Also, many students undertake PR because they see it as an easy/soft option. Consequently we get stuck with an over supply of lazy students (i.e., those who can’t write and can’t see the value in it). It doesn’t help when PR is position in “creative” Schools, rather than with business.

    At next Sunday’s career’s day I’ll be doing my bit to emphasise the writing aspect. Meantime, we continue to develop new units, including “writing for PR” and “working with the media”. These courses, however, are vocational and more suited to technical colleges. The dilemma is that employers expect students to be job-ready..

    So we are moving from the why to the how.

  23. Bill Sledzik says:

    James makes a great point. The PR majors who embrace the technology (versus those who simply use it, as I do), tend to be more marketable once they leave the university. I’d like to agree with you that men are more drawn to technical tools of PR, but we have so few men in the major here at Kent that I just can’t say. The most tech-savvy graduate I’ve seen in my classes is a woman who ended up as the Web content administrator for a major corporation.

    Greg raises a concern about our programs becoming too vocational. We don’t have that debate at Kent State, as we opted long ago to be a “professional program.” Our colleagues in academe often view us as a “technical school,” but employers view us as source of entry-level professionals who can (pardon the cliche) “hit to ground running.” Our classroom experiences here are very much real-world and hands-on, just like the faculty who teach them. It works for us, but you need administrators who understand professional education and are willing to offer tenure-track positions to people without PhD’s. Tough sell.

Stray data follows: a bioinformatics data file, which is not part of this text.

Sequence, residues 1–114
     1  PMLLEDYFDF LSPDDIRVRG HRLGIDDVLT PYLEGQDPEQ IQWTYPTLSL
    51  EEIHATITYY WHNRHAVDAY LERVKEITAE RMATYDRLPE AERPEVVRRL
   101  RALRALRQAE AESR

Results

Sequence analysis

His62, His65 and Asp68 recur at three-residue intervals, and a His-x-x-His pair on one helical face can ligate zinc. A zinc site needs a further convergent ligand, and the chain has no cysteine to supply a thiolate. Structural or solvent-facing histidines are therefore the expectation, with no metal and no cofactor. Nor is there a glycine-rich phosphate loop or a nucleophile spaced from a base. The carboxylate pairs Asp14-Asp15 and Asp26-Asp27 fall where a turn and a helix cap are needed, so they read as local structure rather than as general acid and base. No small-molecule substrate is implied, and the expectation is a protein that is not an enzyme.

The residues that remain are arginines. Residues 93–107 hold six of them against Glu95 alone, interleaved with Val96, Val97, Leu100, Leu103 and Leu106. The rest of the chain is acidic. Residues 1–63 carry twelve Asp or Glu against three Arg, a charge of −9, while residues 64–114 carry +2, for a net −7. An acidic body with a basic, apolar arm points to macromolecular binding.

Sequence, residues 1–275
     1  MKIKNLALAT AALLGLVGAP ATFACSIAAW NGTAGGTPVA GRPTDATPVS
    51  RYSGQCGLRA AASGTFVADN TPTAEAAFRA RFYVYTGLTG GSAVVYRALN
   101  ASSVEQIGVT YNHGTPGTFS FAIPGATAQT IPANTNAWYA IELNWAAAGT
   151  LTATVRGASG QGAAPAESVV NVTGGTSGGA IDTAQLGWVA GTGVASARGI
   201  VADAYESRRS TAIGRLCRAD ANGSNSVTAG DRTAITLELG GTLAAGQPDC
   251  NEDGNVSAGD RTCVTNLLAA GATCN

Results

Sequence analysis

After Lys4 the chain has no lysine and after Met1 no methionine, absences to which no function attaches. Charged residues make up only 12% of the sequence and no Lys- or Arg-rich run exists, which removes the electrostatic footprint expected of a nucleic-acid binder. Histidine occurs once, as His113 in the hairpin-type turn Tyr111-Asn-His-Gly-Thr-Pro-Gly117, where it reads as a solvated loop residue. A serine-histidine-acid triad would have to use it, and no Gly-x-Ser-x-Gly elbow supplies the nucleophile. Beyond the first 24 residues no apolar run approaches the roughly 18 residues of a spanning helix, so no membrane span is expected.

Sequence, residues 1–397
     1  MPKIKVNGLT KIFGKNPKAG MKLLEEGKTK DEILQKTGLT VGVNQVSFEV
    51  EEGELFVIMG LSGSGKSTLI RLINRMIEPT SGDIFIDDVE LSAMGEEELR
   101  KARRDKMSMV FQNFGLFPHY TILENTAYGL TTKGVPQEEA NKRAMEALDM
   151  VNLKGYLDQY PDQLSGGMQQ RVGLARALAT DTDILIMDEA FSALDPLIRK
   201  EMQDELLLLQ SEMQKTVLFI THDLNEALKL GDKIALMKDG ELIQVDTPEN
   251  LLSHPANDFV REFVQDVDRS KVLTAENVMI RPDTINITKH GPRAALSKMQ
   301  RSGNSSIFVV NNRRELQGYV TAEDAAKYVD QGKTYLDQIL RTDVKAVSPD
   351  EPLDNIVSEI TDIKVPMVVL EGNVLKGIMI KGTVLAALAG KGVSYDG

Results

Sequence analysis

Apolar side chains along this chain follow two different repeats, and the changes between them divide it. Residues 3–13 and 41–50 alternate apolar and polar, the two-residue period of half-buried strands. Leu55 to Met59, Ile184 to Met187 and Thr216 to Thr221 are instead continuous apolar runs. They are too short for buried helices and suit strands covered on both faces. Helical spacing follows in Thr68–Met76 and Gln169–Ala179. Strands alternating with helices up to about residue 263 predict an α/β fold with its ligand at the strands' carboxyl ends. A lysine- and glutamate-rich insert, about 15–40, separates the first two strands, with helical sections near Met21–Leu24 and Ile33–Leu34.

A 92% placement rate leads to legions of happy alumni. Now, if only those happy grads would reach for their checkbooks.

  24. Hannah Smith says:

    It is important to have a diversity of students in public relations because you need people interested in different types of types of PR. Many women are attracted to the public relations program at my university because they want to perform celebrity PR or plan parties. They have the perception that this is primarily what PRos do. I think if we can change that reputation, and demonstrate that public relations encompasses a wider scope, then programs will benefit from both women and men with a wider range of interests.

  25. April Samuelson says:

    A lot of the people in the PR major switched from something else. The thing I noticed is that there are a lot of ex ____________ design majors who realized they can’t draw or don’t want their life consumed by studio and still want to do something creative. The other big group seemed to be ex broadcast journalism students who were pretty much told they didn’t have the x factor, or found their major to be a little too all-consuming. They want to A. graduated on time B. do something journalism related, but aren’t drawn to the nitty gritty world of newspapers (and they want something that will make them money.)
    Maybe talk to the students who switched to PR from something else and find out why, and apply that to similar, but male-dominated majors (architecture.)